Blood separates, on standing, into cruor or coagulum, and the serum or fluid part. The cruor contains fibrin, which is manifested in a white, solid, and elastic form, by washing the clot: and the colouring matter of the blood, which was long supposed to be iron, but is of an animal nature. The serum is a fluid of a greenish yellow, which coagulates at 156°, and is divisible into albumen and serosity. The blood cồntains water, fibrin, albumen, benzoic acid, hydrosulphuret of ammonia, soda, sub-phosphate of iron, muriate of soda, phosphate of soda and of lime.
Bile, secreted by the liver of animals into the gallbladder, is of a dark yellowish green colour, of an unctuous feel, a peculiar smell, and a bitter taste. It contains a resin, and a substance peculiar to bile, named pieromel, a whitish solid substance formed into globules, with water and salts, chiefly phosphate of lime, muriate, sulphate, and phosphate of soda.
Definition 1.-When one chemical substance decomposes another, it is called a chemical test.
2. If salt be mixed in water, it is said to be in solution, and the water is called the menstruum.
3. If no more salt will dissolve, the water is said to be saturated.
4. If we would extract the salt, we must evaporate the water by heat, with a still, or retort, or alembic ;
and if the vapour from either of these pass through a spiral tube or worm, to the receiver, we shall have distilled water; and the residuum of salt will remain in the still
5. Solid substances are reduced into powders by trituration, pulverization, and levigation ; brittle substances are pulverized by means of hammers, pestles and mortars, stones and mullers.
6. The separation of the finer parts of bodies from the coarser is performed by means of sifting or washing.
7. Filtration is a finer species of sifting, performed through the pores of paper, flannel, fine linen, sand, &c. It is used only for separating fluids from solids.
8. Fusion, or the melting of a solid body, by the action of heat, requires, according to their several natures, crucibles of different kinds strong enough to resist the fire ; made of earthenware, porcelain, or a mixture of clay and powder of black-lead, or of blacklead altogether.
9. Sometimes crucibles have covers made of earthenware, but in other cases the fused metal must be exposed to a current of air; for this purpose the crucibles are broad and shallow, and are called cupels.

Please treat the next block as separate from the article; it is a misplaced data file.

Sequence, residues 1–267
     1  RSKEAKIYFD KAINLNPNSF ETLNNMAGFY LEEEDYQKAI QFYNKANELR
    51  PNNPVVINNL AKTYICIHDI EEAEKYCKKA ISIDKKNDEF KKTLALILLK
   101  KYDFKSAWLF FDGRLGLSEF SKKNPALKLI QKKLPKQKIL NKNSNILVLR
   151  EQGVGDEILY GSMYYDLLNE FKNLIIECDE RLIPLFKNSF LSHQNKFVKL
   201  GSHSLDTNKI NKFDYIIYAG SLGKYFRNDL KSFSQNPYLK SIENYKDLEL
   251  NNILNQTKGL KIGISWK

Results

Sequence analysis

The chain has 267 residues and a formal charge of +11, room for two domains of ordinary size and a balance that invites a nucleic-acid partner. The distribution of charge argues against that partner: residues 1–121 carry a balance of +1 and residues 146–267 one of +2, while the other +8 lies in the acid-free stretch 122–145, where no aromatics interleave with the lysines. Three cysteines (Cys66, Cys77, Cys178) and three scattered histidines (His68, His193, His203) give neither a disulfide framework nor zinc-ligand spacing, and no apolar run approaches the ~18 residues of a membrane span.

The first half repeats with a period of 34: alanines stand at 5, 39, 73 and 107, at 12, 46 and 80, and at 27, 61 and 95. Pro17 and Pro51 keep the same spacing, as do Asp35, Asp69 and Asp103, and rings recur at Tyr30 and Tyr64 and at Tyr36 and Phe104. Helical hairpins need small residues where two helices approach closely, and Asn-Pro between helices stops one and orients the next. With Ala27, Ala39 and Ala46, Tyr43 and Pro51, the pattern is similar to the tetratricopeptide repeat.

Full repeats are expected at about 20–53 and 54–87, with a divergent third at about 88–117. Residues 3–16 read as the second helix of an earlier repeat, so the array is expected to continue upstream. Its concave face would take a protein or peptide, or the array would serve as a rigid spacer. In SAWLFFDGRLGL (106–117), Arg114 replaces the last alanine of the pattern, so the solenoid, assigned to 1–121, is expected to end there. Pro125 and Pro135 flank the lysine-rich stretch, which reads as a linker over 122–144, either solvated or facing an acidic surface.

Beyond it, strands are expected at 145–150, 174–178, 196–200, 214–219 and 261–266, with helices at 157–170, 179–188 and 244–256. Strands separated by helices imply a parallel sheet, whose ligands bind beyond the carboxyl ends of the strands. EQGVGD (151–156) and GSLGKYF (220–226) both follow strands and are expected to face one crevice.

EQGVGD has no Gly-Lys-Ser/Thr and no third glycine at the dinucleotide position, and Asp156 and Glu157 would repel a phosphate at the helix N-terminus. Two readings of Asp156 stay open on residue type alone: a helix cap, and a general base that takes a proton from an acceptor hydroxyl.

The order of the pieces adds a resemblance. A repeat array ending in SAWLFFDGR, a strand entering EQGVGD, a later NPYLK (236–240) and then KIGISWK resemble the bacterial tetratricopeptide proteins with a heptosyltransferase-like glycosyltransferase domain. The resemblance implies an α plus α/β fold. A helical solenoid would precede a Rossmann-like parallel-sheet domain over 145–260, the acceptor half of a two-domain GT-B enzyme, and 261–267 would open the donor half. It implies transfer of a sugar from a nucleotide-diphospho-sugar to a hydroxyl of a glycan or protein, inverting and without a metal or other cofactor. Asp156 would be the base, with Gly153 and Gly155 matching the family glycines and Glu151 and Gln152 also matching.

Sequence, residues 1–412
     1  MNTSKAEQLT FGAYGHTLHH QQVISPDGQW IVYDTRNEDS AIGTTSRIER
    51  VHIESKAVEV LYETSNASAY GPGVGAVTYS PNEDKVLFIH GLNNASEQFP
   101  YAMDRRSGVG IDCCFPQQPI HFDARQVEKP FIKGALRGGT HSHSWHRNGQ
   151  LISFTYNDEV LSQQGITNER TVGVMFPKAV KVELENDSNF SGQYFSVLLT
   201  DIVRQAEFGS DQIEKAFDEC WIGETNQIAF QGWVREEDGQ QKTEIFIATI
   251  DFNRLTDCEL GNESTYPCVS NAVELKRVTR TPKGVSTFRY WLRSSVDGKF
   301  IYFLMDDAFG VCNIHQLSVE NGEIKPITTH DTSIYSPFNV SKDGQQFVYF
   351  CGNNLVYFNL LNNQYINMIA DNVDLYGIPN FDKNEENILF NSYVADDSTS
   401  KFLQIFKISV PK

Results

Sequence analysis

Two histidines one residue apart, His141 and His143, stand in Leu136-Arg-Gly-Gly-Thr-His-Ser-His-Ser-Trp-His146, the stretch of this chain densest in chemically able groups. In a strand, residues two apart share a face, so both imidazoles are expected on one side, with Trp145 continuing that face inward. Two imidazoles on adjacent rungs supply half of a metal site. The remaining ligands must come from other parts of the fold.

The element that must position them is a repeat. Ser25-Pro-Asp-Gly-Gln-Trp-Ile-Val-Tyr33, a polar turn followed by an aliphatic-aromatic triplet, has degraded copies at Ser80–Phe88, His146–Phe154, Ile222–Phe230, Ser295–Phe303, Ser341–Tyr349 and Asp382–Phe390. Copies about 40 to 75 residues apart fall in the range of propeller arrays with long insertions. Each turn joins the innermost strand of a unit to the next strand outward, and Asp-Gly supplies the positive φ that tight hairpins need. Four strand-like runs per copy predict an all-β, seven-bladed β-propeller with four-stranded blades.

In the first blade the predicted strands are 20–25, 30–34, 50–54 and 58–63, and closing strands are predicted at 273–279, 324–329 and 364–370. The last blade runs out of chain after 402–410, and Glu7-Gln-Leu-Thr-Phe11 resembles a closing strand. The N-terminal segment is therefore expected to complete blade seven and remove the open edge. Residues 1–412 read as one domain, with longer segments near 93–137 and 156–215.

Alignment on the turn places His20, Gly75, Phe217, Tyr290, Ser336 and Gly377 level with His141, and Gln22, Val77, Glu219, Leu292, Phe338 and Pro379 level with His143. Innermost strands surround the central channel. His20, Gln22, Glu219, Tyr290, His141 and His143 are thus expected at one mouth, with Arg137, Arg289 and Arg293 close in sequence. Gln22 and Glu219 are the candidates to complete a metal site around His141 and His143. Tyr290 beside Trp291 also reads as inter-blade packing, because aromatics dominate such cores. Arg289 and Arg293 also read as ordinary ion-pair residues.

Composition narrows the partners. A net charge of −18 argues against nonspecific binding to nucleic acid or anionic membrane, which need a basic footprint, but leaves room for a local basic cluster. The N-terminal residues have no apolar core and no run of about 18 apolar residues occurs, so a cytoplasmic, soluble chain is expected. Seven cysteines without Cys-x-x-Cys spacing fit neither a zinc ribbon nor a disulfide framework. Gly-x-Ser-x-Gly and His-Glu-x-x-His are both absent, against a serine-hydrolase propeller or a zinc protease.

10. Blow-pipes are used for directing the flame of a candle or lamp against any piece of ore or other substance required to be examined ; and when the inflammable gases are used instead of common air,
the heat is most powerful.
11. The various degrees of heat which are required for the performance of chemical operations, render it necessary that the chemist should also be possessed of a furnace.-See Grammar of Philosophy.
XXII. Electricity and Galvanism.
540. If a piece of glass, or sealing-wax, be rubbed on a piece of dry woollen cloth, or silk, and instantly held over any light substances, they will be attracted towards it, raised on an end, and otherwise put in motion.
The power thus excited is called electric: and if the experiment be made in the dark, the glass and the wax will exhibit faint signs of light ; which light is called the electric fire or fluid.
541. If the glass be of larger dimensions, and turned rapidly round by a winch and a wheel, instead of being rubbed backward and forward with the hand, and be provided with a piece of silk to rub against it during its rotation, streams and large sparks of fluid fire will be elicited, which will fly round the glass, attract light bodies, and produce a pungent sensation.
Obs. 1.-By attracting light bodies, it is meant, that light bodies move towards the electrified body; but it is to be presumed that that which is called attrac tion, is in truth some impulse from without or beyond the light body. The mechanical action of attraction supposed to exist between distant bodies, seems to be an absurdity, and ought to be expunged from science The term repulsion is even more absurd than attrac tion.
Sir Richard Phillips in his Essays, page 92, proposes to substitute for the active verbs attract and repel, the passive ones accide and discede; and their nouns accision and discession, as implying the mere facts of going together and separating.
542. This glass, its cushion of silk, wheel, &c. are called an electrical machine. The fluid, or power produced by it, is one of the most wonderful in nature.
It is found, that it will pass along some bodies, and not along others; that it may be received and diffused